What Your Business Should Know About At Will Employment
At will employment means that a company can terminate an employee relationship for no cause or any cause, so long as the basis of termination is not illegal under federal or state law. On the flip side, the employee can also leave the company for reason or no reason.
The at will employment doctrine gives companies and employees broad roles in making employment decisions. For small businesses, at will employment has its definite advantages and disadvantages.
Here are some things your business should know about at will employment:
- Hiring an employee as "permanent" does not mean the employee cannot leave. It usually just means that the position is not seasonal or temporary.
- Determining whether employment is at will is determined by state contract law. Most states feature at will employment.
- Employers do not have to give fired employees notice or any kind of hearing in at will employment states.
- Employees do not need to give companies two-weeks notice before leaving. Though giving some notice is generally customary.
- Neither the employee or employer terminating the work relationship must give a reason for the termination.
The broad rules could be unfair or create hardship, so the government has established exceptions to at-will employment.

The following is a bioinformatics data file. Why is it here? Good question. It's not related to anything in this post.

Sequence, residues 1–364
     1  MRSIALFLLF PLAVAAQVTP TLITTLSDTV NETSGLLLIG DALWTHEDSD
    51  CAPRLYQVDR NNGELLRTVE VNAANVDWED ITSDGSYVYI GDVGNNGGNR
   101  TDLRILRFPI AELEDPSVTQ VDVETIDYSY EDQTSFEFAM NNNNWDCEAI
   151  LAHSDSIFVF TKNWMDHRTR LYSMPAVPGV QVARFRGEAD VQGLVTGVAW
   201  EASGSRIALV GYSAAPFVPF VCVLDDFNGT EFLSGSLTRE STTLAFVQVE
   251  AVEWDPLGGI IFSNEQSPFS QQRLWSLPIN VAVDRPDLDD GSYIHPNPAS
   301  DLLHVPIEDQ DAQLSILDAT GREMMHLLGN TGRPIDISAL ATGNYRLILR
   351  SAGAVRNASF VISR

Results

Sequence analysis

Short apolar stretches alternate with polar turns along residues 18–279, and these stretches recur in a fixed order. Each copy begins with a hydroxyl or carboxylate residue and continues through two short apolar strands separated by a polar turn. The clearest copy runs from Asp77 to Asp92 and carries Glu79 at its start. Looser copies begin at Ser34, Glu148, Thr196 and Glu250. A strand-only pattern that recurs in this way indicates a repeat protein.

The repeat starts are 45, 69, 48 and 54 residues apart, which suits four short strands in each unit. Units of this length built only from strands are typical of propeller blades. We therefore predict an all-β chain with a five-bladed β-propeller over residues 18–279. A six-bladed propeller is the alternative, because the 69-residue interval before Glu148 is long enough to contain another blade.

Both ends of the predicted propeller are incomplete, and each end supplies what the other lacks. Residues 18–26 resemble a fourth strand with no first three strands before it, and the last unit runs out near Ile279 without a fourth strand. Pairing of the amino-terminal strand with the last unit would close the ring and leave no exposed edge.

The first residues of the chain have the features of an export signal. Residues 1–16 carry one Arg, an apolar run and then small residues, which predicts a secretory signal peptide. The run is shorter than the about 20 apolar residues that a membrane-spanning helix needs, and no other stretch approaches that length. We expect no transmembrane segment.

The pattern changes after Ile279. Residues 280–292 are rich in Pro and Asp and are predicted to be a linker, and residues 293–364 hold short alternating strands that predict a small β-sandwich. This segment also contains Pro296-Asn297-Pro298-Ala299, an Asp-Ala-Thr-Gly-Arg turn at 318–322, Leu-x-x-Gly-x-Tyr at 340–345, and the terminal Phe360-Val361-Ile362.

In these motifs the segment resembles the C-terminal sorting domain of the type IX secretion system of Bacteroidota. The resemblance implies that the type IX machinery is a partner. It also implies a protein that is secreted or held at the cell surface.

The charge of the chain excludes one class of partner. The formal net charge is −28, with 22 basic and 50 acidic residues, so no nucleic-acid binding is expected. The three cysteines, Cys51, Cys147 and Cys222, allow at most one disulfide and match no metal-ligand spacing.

Small businesses cannot fire employees:
- If the reason for firing violates public policy. An example of this is firing an employee for reporting questionable or illegal activity. Such reporting is protected by various "whistleblower" statutes.
- If the employee is fired on the basis of discrimination or retaliation. Race, color, religion, sex, national origin, age, and disability are federally-protected classes, and discrimination on the basis of someone being in one of those classes is illegal. Retaliating against an employee for reporting a discrimination complaint or sexual harassment complaint is also against the law.
- If a contract, implied or agreed-upon, has established another understand or set of procedures.
The doctrine of at will employment guides a business or employee on what their rights are in terminating an employment relationship. However, it is also good to supplement any firing decisions with common sense and courtesy. Small businesses often rely on the expertise and dedication of their employees and likewise can suffer when employees work against the company.
So use at will employment to bring on and retain quality employees, and let go of employees that are detracting from the business. And be sure to abide by state and federal regulations to avoid future employment claims and to build a reputation of fairness.
- Employment at-will (lawmemo.com)
- Exceptions to At-Will Employment (FindLaw's Free Enterprise)
- Illegal Reasons for Firing Employees (FindLaw)
- Wrongful Discharge Overview (provided by Van Wey & Johnson LLP)
- Whistleblowing: Unfair Business Practices Act (CA) (provided by Navarette Law Firm)
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